Wisdom Tooth Extraction
Wisdom tooth removal is perhaps one of the most stress-inducing dental procedures for many people. But modern dentistry has made significant advances in all kinds of dental procedures, so even something as ‘scary’ as wisdom tooth removal need not be feared so much anymore. Especially so if you undergo the procedure at le tooth – our whole treatment philosophy is about putting the patient’s comfort first.
Wisdom tooth, or the third molars that come up at the very end, are four in number, two on each side on the top and bottom jaw. For some people, the molars grow in during the teen years, but some may have to wait till their twenties.
Since these molars are the last to erupt, they often run out of space and might come out in a crooked way, or they might even get stuck. In such cases, the dentist will often recommend wisdom tooth removal.
If you do not remove the problematic third molars
If there is enough space in the teeth, you won’t have to remove the molars because as they erupt they will settle into the available space. However, the problems occur when there is not enough space to accommodate them.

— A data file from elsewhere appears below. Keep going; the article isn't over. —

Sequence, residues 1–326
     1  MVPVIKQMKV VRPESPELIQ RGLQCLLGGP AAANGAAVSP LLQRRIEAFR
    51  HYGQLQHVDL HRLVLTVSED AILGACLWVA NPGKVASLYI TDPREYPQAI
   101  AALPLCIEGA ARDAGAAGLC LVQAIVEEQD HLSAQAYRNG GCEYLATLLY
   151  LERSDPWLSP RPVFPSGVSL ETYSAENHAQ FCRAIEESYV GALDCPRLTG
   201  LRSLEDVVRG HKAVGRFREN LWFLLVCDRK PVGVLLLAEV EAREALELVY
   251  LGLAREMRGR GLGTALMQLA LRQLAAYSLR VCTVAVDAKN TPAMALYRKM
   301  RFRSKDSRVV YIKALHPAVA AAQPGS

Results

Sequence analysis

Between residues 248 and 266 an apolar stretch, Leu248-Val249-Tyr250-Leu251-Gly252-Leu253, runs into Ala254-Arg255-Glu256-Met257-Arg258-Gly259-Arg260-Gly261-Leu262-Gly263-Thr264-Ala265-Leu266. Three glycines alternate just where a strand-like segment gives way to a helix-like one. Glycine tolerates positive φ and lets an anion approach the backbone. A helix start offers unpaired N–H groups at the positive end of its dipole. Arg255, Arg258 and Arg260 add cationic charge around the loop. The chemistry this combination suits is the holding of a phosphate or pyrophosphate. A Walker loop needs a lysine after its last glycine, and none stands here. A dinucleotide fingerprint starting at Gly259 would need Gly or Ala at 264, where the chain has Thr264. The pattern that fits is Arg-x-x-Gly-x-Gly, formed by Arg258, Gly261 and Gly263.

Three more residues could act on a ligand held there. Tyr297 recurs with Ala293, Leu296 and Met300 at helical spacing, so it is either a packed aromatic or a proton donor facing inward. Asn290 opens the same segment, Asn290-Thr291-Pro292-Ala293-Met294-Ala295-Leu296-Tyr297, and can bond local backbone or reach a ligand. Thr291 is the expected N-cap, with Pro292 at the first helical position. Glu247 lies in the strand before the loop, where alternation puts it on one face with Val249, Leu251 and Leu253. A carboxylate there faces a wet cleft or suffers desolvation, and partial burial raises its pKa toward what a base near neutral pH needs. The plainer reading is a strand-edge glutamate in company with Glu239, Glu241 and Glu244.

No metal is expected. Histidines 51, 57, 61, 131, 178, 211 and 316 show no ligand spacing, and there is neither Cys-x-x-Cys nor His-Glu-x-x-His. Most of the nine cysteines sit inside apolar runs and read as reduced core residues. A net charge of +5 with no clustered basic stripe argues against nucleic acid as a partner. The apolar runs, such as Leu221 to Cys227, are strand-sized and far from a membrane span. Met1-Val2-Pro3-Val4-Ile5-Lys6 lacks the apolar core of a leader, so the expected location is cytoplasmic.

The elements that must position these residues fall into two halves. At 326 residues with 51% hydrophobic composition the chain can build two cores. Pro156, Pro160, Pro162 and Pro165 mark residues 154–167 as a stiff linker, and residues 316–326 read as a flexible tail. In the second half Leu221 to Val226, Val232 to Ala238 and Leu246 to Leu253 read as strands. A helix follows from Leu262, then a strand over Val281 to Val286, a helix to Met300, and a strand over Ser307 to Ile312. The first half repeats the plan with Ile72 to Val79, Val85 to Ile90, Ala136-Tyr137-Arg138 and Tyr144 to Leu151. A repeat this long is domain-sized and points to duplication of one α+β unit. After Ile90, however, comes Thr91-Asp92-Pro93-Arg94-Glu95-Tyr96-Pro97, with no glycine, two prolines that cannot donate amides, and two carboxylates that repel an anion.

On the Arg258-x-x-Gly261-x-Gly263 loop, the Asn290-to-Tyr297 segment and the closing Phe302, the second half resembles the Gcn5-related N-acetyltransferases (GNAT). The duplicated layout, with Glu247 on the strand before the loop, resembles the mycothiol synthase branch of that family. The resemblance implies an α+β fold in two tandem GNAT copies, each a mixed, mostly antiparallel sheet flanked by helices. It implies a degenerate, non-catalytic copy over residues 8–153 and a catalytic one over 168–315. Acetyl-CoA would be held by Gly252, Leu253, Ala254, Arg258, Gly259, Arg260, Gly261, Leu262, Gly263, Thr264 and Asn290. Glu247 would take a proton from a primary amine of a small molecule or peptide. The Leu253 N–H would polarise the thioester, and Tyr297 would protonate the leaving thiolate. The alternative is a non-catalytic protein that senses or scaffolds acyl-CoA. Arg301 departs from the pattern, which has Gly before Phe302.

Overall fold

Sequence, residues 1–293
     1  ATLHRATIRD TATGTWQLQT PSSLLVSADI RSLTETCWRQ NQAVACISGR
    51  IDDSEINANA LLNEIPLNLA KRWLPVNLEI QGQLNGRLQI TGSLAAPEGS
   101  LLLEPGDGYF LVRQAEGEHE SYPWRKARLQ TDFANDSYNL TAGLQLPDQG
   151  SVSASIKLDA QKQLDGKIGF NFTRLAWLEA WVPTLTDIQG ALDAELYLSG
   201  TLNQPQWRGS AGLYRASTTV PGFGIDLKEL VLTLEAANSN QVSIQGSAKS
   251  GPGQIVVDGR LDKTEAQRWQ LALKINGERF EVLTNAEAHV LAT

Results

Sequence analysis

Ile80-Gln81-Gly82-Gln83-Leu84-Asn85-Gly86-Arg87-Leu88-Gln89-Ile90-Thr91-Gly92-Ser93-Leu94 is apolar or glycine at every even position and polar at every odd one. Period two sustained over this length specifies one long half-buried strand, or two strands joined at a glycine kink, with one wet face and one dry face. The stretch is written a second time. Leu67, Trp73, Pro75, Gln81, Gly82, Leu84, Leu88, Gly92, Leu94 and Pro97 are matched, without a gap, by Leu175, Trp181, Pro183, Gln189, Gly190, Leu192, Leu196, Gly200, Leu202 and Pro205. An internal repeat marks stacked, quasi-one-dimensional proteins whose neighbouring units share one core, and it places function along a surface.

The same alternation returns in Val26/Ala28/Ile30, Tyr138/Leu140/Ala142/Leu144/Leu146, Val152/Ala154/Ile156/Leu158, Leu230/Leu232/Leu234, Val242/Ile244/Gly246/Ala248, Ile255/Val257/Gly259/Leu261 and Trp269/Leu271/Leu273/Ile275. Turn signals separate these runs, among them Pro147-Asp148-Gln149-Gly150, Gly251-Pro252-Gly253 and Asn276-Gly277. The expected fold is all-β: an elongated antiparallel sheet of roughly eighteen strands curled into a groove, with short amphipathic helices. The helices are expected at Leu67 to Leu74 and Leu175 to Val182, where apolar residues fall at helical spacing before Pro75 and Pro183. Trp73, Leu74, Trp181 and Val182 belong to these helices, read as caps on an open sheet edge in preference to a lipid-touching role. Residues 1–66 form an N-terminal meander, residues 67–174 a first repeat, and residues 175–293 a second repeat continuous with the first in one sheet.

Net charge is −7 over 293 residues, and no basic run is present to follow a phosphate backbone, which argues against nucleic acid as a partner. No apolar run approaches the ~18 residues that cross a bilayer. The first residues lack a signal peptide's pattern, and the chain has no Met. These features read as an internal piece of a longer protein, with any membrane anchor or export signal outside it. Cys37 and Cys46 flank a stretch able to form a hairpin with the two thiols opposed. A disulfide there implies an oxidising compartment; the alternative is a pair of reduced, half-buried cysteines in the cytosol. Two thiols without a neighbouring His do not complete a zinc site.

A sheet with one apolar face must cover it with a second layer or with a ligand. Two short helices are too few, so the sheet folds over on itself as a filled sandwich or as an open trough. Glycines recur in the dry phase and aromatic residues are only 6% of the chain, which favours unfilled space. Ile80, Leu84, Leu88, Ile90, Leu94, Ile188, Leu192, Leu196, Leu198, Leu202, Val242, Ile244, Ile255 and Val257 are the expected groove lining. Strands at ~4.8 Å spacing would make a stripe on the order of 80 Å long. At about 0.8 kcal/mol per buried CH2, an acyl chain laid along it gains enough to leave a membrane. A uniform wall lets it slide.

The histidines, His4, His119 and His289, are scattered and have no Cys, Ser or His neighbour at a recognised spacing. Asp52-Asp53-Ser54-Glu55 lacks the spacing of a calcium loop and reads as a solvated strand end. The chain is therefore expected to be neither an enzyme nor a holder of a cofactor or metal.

If you do not remove these problematic molars, it may lead to the following:
- Food can get stuck in the teeth and it becomes difficult to clean
- It can lead to painful infections
- It can speed up the decay of the teeth
- It can throw off your bite
Wisdom tooth removal procedure
The best time to get the tooth removed is before the roots are fully formed. To assess how the tooth is coming out, your dentist will first perform a dental examination and/or take x-rays.
During the procedure, you will receive local anaesthesia near the extraction site. In a local anaesthesia procedure, you will be awake during the extraction. Though you may feel the tooth being moved and some pressure, you will not experience any pain.
Sedation anaesthesia may also be administered if that is a better option for your specific condition. This type of anaesthesia suppresses your consciousness during the procedure, and prevents you from feeling pain. You will also receive local anaesthesia.
Some situations may require general anaesthesia. During the procedure you will not be awake.
After the surgery
The following can speed up recovery:
- Placing an ice pack to reduce swelling
- Eating soft food after surgery
- Keeping head elevated
- Taking medicine as prescribed
- Cutting off smoking to promote quicker healing
- Practising gentle cleaning and rinsing of mouth as recommended
- Keeping yourself hydrated with lots of fluids
As you recover, if you develop a fever or feel unbearable pain even after taking pain killers, consult a dentist immediately.
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